@bit_shiftl(int, int)
@bit_shiftr(int, int)
@bit_or(int, int)
@bit_and(int, int)


Function @bit_shiftl sees its first argument (an integer) as a series of 64 bits. The second argument is the number of positions these bits will be shifted to the left. The last digits on the right are filled with a zero. Please note that this is not circular shift.

Function @bit_shiftr is similar but the shift is done to the right.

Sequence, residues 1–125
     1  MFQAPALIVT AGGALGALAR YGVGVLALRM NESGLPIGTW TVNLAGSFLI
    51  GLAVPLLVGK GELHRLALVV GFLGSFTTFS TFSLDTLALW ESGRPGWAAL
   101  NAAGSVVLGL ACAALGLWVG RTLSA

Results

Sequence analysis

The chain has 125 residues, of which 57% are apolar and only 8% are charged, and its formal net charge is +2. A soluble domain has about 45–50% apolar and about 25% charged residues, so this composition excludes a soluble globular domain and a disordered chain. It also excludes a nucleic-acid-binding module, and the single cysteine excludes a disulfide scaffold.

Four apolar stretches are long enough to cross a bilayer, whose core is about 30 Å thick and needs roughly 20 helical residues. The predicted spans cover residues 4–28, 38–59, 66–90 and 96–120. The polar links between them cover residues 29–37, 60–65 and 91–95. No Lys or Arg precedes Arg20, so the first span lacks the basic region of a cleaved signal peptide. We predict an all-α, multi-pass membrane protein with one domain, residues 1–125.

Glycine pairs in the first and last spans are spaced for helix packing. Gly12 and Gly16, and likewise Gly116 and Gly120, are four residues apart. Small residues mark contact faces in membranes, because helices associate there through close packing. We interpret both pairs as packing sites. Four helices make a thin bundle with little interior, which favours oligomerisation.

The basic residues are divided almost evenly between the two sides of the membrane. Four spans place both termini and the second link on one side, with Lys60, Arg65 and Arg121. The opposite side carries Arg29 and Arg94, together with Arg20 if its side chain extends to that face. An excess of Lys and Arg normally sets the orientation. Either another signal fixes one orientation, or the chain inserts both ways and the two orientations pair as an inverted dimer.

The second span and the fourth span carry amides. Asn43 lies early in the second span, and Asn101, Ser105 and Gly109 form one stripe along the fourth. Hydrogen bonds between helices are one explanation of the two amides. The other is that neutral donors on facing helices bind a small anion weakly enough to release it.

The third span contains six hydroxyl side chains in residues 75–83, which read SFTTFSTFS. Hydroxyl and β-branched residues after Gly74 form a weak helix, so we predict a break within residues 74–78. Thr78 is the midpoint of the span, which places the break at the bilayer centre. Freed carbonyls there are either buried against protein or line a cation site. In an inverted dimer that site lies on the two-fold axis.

Function @bit_and and @bit_or see their arguments as a series of 64 bits and they apply the corresponding logical operation, bit-wise.

For example

   @bit_shiftl(123, 1) == 246
@bit_shiftrl(256, 2) == 64


shifting an integer to the left by $n$ positions corresponds to a multiplication by $2^n$ and accordingly, shifting to the rigth divides by $2^n$.

Integer $1$ is represented by the sequence "...001" and integer $2$ by "...010". Sot the results of the bit wise operations between $1$ and $2$ are:

   @bit_or(1, 2) == 3
@bit_and(1, 2) == 0